Spoken ministry in a Quaker meeting for worship is also a communal practice, and it involves collective standards for appreciating good and helpful ministry and avoiding what is unhelpful. There is a role for ‘rules’ or guidelines for good practice; such as avoiding speaking more than once during a meeting, addressing another Friend or contradicting another's ministry. But as with other kinds of skilled practice, rules can only help us to avoid the most glaring errors, and might even be legitimately broken in unusual situations. By themselves, rules cannot guide our appreciation of a good meeting or good ministry. For this we need a shared understanding of the goals of worship and ministry.
Just as with the appreciation of gardens, cooking or poetry, it is inevitable and healthy that we won't always be in full agreement about our appreciation of good ministry, which depends to a considerable degree on our individual needs and conditions. But it is possible to appreciate the quality of spoken ministry from a shared understanding of what the practice of worship is for, rather than just our individual preferences. Just as gardening has goals that are internal to the practice, such as beautiful, thriving and wildlife-rich environments, spoken ministry has its own goals that are inherent in the practice of worship. Authentic ministry is not simply self-expression, it has a purpose that is part of God's purposes for us as a community of faith.
The aim of ministry is to speak from and to the depths of hearts and minds; to raise in its hearers a desire to live more closely to the Inward Guide, more ready to leave behind comfort, security and certainty in the service of a larger, more courageous life of faithfulness to the divine Life within. Ministry such as this is not solely a product of our own efforts; it is a gift of the Spirit, beyond our deliberate contriving. But we have the responsibility to practise becoming more attentive to the Spirit's leadings. It is easy for all of us to confuse divine promptings with the sometimes subtle claims of our own needs for self-assertion or reassurance. It may take a lifetime of practice to become fully sensitive to the leadings that are offered to us, and capable of distinguishing the weeds from the flowers in our ministry. These are the skills of Quaker practice that we need to learn from each other, to enable us to be more faithful in our ministry and more discerning and appreciative of the ministry of others. This deliberate turning of our whole being towards the Inward Light is the work of a lifetime; it takes patience, perseverence, courage and humility that must be learned through continued wholehearted attempts and partial successes and failures. In the words of A. Naeve Brayshaw:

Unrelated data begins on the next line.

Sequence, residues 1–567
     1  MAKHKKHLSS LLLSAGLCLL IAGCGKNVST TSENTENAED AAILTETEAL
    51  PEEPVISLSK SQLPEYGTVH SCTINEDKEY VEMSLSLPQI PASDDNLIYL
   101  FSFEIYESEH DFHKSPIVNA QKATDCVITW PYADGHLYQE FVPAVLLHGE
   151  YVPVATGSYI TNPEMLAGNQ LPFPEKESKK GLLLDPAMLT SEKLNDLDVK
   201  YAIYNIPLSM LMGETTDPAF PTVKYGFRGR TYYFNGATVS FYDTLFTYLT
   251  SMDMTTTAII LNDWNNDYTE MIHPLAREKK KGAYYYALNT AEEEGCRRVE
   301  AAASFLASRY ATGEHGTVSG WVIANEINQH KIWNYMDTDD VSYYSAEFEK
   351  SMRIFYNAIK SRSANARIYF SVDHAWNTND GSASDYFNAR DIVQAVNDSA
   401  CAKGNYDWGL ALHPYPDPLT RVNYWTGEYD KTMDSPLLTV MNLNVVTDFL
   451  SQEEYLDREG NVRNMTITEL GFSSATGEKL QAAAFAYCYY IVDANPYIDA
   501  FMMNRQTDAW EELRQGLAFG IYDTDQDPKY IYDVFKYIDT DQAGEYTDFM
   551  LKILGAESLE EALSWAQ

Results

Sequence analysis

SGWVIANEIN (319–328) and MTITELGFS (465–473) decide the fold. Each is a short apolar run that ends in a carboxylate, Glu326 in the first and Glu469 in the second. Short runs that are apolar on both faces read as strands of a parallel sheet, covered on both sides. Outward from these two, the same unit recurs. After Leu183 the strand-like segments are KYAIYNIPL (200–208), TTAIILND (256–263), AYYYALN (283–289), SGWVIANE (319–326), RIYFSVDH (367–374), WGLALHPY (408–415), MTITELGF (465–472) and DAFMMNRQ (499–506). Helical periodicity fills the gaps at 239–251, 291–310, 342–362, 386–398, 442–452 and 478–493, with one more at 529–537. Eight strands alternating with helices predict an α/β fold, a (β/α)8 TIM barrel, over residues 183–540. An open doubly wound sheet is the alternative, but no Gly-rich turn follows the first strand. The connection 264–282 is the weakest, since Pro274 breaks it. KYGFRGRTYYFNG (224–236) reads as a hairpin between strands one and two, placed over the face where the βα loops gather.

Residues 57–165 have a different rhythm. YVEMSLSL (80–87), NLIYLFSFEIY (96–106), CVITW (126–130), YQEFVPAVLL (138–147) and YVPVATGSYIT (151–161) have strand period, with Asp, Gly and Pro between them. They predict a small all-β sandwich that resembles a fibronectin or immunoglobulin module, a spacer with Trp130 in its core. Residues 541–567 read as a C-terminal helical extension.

"the knowledge of the harm that we may be doing and of the help that we might be giving turns our faces in the direction of the work, giving us encouragement to it and power to come over the fear that would hold us back."How do you understand the practice of spoken ministry? How has your practice or appreciation developed with experience?
(Christian faith and practice, 1959, 289)